I can’t remember how I heard of a new book called Mr Penumbra‘s 24-Hour Bookstore by Robin Sloan, described as a modern day literary mystery. But I heard about it before it was available, reserved it at the library and joined a queue of other computer savvy pre-reservers, which was only fitting given the marriage of physical books and technology in the book.
Meanwhile, I Google-stalked Mr. Sloan and found his delightfully minimalistic website with a great short story of the fable persuasion.
Finally, the long anticipated book arrived at the library and I was a goner from the first chapter.
The writing is just like his website, featuring judicious use of evocative language. The protagonist, Clay, a newly redundant young man, not long out of university ends up working at an old bookstore in a strange part of San Francisco. The description of the bookstore was delicious; being a bookstore lover who recently watched Funny Face (Audrey Hepburn), the sliding ladder reaching up floors tickled me.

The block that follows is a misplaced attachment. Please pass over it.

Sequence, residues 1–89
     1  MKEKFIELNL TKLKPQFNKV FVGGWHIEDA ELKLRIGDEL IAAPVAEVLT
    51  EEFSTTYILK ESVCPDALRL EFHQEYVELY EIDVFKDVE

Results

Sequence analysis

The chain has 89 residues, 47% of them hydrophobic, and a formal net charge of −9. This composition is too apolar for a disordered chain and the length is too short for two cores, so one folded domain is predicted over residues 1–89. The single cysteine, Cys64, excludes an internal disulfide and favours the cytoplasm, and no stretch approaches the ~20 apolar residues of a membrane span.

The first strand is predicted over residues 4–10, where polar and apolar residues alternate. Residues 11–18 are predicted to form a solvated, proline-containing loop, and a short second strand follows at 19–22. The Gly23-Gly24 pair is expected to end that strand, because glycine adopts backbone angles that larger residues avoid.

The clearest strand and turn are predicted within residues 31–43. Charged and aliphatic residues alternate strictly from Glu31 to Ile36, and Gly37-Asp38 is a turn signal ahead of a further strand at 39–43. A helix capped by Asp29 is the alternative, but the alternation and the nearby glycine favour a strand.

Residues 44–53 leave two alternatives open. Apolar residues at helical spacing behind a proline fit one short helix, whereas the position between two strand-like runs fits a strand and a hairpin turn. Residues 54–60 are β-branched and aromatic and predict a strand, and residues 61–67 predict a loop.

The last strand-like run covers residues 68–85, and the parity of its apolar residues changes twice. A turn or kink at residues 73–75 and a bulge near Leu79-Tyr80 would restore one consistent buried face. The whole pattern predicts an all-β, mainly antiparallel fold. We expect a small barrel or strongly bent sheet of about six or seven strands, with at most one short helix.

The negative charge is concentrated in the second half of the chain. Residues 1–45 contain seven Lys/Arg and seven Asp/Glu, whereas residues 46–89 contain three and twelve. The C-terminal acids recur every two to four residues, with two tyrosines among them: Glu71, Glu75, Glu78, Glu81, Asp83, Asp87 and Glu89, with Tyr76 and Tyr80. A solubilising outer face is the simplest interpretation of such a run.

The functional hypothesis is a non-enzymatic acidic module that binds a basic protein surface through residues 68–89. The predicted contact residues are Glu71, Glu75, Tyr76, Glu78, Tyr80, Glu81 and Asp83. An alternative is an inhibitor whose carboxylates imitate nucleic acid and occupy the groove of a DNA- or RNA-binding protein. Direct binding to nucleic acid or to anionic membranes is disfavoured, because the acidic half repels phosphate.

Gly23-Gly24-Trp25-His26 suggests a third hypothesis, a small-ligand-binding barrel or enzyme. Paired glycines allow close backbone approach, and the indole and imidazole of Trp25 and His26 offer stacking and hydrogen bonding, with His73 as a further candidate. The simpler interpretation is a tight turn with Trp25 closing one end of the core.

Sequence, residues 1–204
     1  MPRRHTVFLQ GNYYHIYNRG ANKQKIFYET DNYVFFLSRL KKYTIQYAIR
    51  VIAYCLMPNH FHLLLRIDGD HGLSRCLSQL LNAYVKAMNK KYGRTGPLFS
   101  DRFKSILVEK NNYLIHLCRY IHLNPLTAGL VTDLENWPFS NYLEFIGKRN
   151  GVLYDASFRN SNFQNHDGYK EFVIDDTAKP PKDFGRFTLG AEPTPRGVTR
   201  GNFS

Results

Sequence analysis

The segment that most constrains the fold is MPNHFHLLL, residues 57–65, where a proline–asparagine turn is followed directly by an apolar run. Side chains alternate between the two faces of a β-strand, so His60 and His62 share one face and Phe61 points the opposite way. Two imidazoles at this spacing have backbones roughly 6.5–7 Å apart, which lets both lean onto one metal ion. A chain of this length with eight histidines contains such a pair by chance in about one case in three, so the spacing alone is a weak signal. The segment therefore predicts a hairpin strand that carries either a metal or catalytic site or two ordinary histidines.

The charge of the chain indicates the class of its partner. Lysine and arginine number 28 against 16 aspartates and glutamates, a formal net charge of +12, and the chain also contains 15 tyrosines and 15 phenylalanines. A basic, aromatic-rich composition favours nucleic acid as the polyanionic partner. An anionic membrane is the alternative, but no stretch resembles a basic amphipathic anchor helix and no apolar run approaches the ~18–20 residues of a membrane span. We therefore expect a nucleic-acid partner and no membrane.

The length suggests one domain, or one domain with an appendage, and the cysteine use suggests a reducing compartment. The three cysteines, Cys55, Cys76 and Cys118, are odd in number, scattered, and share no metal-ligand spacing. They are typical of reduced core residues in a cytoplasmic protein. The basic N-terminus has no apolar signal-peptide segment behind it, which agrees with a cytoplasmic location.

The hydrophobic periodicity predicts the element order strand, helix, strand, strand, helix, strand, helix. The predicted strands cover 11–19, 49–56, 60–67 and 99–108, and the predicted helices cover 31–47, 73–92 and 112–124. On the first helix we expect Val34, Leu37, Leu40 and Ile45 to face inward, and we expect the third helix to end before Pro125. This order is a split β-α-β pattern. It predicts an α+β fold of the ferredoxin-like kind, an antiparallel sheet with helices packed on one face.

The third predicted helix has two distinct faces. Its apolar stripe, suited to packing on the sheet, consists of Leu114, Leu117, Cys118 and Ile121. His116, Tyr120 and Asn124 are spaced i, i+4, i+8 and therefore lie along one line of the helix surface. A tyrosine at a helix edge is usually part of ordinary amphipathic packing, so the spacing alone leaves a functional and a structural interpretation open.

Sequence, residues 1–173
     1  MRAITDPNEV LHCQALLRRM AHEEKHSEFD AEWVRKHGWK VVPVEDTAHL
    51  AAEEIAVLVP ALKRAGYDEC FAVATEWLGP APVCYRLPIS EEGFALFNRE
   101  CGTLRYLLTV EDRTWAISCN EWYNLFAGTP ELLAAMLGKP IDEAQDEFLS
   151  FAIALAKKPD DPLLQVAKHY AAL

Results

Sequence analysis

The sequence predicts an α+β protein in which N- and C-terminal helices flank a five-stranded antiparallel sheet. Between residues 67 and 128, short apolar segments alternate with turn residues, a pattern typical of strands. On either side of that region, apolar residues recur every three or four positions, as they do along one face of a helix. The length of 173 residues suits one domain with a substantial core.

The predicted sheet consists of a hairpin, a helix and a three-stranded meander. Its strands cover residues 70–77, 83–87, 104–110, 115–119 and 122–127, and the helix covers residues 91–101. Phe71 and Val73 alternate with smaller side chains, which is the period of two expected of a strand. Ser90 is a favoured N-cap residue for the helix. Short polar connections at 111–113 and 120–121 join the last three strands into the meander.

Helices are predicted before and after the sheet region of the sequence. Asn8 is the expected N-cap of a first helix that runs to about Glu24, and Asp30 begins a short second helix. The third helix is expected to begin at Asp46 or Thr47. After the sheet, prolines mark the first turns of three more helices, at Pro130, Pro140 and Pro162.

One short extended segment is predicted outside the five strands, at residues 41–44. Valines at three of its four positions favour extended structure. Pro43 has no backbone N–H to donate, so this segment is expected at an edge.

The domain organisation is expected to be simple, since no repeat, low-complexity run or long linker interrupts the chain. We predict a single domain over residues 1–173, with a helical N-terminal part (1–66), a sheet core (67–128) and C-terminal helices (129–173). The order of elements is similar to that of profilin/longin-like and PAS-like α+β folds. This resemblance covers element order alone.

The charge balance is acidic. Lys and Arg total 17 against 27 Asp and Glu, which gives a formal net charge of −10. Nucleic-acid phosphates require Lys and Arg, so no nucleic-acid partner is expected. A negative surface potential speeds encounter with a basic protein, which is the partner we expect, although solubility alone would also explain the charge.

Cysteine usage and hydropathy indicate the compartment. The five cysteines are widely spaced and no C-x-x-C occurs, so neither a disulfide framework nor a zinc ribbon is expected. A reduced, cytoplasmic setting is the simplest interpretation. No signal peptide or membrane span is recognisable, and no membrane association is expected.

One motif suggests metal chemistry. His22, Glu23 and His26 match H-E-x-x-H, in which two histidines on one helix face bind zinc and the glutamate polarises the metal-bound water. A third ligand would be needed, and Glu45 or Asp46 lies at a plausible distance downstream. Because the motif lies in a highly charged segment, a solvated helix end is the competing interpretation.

The writing is infused with a firm sense of sight, smell & touch; Sloan creates scenes with the sparsest, most beautiful descriptions.
Combining a reverence for books and the stories they transmit, Google, Googlers and much talk of computer code was an ideal way to capture my attention. Mr. Penumbra and his customers are delightfully eccentric and exactly how I would imagine members of a literary cult to be.
Ultimately, the literary mystery was beautifully plotted, though entirely guessable. But imagine if Google actually was working on life-prolonging technologies and held the key for 500-year-old literary mysteries?